This vulnerability affects only the UDP mode. In TCP-only mode the Onion module restricts which Tox packets are onion-routed correctly, and the Tox protocol specification is written in such a way that nodes using TCP-only mode can distinguish between onion and non-onion packets. So all of the above applies only to the UDP mode.

Toxcore v0.2.0 released

We are happy to announce the release of Toxcore v0.2.0. Download the tarballs, verify the signatures and read the changelog on Toxcore’s GitHub Releases page.

Some of the notable changes in this release are: fix for large video frame corruption [1], removal of libtoxdns [2], small API breaking changes in tox.h, toxav.h and toxencryptsave.h [3], [4], [5], [6], [7], [8], API deprecation notices for APIs that will get removed in v0.3.0 [9], and a build script change that results in a single big libtoxcore library being built, instead of separate libtoxcore, libtoxav and libtoxencryptsave like it was before [10]. One of the changes that we hoped would get in v0.2.0 but it didn’t was persistent group chats, but with how things are going it’s set to be added in one of the v0.2.x releases.

Some clients already have support for Toxcore v0.2.0, for example Toxic v0.8.2 and qTox master, while other clients are working on adding the support.

Shutdown of the Debian and Ubuntu package repository

I’m sad to announce this, but we have to shut down the Debian and Ubuntu package repository due to it being unmaintained and thus having outdated or even possibly broken packages. It has been several months since our last package maintainer maintained any packages and our search for a new package maintainer didn’t result in anything. The package repository is planned to be shut down sometime in the first half of March. The package repository might return in the future if there would be enough people willing to maintain it, but for now we have no choice but to close it.

Contributors wanted

It’s common knowledge that any open source project wouldn’t mind having more contributors and Tox is not an exception. This blog post is for those who want to contribute but don’t know where to start.

Starting contributing to Tox is as easy as joining #toktok channel on Freenode IRC, which is where majority of the development discussion takes place, and asking what part of Tox would benefit the most given your skill set and interests, unless you already have an idea which part of Tox you would like to help with. Just note that it might take some time for you to get a reply as not everyone is always in the chat, so please be patient. Many Tox developers and community members are connected to the chat 24/7 but get on it only in their free time. Mailing list might sound more appropriate for such possibly asynchronous discussions, and we do have a mailing list, but it doesn’t seem to catch on among developers much, so you will get better response on IRC.

Here is a non-exhaustive list of things you could help with, just to give an idea.


You don’t have to know programming in order to help. You can help by testing nightly builds of clients and translating clients to different languages.

Testing clients

You can help by testing nightly builds of Tox clients, the in-development, yet to be released, versions of clients, and reporting any problems you encounter to the developers. Testing nightly builds can help to find bugs and get them fixed before a release is made. Some clients don’t have nightly builds available for testing, or they do but they are not well maintained and might be broken. If this is the case for a client you want to test, simply asking developers for nightlies should resolve this issue. Also, even if the client you test is non-nightly, your testing is still useful. Just make sure that you are testing the latest release version of the client, as any issues you encounter might have been fixed in a newer version. You can get a client to test from the Download page of our website. You can provide feedback to the client developers by opening an issue in the client’s issue tracker, which is generally located on the client’s repository page. When reporting feedback, especially bugs, is a good idea to provide as much information to the developers as possible: operating system you are running and the version of it, the version of the Tox client you are running, exact steps on to how to reproduce the issue you are having and what you have expected to happen instead when you took those steps.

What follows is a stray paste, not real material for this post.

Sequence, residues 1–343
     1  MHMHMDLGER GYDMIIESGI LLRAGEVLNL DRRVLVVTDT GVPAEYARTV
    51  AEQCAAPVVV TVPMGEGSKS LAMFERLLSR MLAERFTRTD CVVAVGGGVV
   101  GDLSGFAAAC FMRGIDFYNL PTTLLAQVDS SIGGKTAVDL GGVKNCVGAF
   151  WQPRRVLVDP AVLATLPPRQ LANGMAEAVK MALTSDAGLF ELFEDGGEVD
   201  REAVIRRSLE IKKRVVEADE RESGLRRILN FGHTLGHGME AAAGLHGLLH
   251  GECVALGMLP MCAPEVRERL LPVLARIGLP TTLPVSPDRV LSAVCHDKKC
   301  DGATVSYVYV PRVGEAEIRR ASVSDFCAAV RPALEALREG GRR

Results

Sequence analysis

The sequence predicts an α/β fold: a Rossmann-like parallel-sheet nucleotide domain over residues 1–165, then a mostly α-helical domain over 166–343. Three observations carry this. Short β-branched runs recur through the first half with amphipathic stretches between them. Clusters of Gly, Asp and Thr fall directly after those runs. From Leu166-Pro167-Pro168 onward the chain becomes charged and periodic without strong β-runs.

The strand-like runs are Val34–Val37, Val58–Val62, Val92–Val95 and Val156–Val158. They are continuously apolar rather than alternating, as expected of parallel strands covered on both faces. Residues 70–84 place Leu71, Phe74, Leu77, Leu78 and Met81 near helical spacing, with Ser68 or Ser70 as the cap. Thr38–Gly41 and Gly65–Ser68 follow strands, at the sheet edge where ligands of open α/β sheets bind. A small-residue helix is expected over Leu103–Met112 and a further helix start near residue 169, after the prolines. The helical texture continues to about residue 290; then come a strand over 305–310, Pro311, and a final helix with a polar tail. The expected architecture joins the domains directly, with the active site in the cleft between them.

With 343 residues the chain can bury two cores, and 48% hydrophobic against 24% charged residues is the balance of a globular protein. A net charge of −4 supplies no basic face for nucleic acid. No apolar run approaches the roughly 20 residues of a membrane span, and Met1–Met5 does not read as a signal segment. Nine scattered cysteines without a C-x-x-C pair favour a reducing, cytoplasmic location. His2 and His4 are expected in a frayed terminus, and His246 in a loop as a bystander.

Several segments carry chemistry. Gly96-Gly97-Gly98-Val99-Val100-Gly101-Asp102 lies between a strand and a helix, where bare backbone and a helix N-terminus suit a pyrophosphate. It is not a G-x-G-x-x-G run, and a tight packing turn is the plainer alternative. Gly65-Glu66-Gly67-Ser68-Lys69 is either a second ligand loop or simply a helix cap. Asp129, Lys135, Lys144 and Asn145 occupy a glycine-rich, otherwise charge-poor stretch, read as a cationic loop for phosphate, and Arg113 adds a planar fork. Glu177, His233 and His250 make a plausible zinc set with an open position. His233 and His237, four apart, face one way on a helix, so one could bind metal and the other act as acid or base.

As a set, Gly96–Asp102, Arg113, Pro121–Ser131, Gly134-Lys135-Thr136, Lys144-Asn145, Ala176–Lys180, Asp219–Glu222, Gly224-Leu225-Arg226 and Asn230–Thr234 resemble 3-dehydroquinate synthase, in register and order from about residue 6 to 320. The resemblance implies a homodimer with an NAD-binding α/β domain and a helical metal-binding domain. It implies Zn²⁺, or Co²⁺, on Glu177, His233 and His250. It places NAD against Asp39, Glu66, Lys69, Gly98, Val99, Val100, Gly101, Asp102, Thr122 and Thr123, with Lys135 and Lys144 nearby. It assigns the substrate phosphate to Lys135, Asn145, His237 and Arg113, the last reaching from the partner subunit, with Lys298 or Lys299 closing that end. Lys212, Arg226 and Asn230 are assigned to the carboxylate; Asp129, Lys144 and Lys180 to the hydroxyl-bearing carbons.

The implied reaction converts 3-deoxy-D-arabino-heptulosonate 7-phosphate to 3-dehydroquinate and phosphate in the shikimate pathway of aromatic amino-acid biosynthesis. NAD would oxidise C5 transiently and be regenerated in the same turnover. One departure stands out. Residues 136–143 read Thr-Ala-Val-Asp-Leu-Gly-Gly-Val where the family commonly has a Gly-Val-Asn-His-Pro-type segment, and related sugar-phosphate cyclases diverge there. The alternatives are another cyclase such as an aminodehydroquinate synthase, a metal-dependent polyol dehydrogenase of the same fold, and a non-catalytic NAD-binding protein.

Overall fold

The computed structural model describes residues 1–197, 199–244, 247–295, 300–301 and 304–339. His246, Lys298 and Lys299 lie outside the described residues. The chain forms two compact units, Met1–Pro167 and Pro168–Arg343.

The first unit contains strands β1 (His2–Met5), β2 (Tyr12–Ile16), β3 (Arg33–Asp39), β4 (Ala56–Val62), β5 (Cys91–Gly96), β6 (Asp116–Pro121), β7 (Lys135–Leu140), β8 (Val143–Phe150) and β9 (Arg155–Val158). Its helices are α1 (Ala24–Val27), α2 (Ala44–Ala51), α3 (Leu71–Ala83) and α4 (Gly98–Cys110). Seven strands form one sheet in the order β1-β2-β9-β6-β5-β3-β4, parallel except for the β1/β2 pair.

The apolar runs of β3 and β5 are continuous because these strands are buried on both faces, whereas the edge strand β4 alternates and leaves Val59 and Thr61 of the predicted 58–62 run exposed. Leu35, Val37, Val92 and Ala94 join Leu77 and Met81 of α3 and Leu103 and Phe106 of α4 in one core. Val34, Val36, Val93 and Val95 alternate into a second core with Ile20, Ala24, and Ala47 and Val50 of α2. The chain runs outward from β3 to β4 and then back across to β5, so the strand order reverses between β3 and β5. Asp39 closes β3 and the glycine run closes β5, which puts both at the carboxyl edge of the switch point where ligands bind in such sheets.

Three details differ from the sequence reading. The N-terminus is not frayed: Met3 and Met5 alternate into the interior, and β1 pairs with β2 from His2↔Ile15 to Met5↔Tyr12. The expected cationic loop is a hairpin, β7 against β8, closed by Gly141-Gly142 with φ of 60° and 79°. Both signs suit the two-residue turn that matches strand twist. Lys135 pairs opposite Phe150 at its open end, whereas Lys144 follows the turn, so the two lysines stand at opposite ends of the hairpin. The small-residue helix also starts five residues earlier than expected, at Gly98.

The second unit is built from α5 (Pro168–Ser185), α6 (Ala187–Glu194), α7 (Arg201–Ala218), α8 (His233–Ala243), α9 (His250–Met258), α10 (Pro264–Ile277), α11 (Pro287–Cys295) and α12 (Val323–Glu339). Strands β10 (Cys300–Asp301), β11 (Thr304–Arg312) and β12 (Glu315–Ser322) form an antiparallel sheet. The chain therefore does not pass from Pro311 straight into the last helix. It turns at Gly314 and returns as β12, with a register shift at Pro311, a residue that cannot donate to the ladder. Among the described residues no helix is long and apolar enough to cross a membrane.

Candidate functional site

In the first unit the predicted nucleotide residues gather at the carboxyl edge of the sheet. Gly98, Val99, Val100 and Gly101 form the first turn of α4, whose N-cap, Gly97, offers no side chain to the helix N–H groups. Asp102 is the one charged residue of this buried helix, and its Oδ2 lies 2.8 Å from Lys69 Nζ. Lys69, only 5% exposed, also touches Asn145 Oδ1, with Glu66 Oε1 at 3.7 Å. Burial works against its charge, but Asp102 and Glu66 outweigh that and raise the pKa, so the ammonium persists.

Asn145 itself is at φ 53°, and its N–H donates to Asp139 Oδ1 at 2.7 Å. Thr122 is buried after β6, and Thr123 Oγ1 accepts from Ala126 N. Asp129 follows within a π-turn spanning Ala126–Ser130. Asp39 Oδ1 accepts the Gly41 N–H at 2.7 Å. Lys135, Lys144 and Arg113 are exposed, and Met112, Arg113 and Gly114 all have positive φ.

Translating clients

Some of the clients support multiple languages in their user interface, you can help translate the user interface to any language you know and correct existing translations if you find them unsatisfactory.

Here are links for some of clients:


Software development

Anyone with programming background is welcome, as we have quite diverse codebases. We could use help of people familiar with any of C, C++, Go, Haskell, Java, Python, Rust, Scala, Swift and other. Familiarity with networking, peer-to-peer software design, distributed hash table, cryptography and writing secure code is preferred, but not required for all of the codebases we have. You can help with an existing software project or start a new project of your own that would be useful to Tox. Also, you don’t have to write code to contribute. Reviewing the code that is considered for merging into the codebase is also a great way to help.

Website development

We are in need of a website developer/designer or anyone familiar with HTML, CSS, Bootstrap, Jinja 2 templates and Python. The person currently maintaining the website is more of a C++ developer than a web developer, so while they keep the information on the website up-to-date, doing more involved changes, like changing the page layout, is something that is hard for them. The Tox website doesn’t use anything fancy, we try to keep it as simple as possible: it’s a static page website which uses Jinja2 template engine and Python for page generation. We limit the use of JavaScript to the point that the website is perfectly functional without it while enabling it adds optional enhancements.


We are in need of package maintainers (to the point that we don’t have packages for Ubuntu 17.10 (Artful) at all), anyone familiar with shell scripting, building software, debugging and fixing failed builds and creating packages is welcome. We maintain Debian and Ubuntu package repositories, with packages being created using pbuilder, so familiarity with pbuilder helps.

Join #toktok and become a contributor today!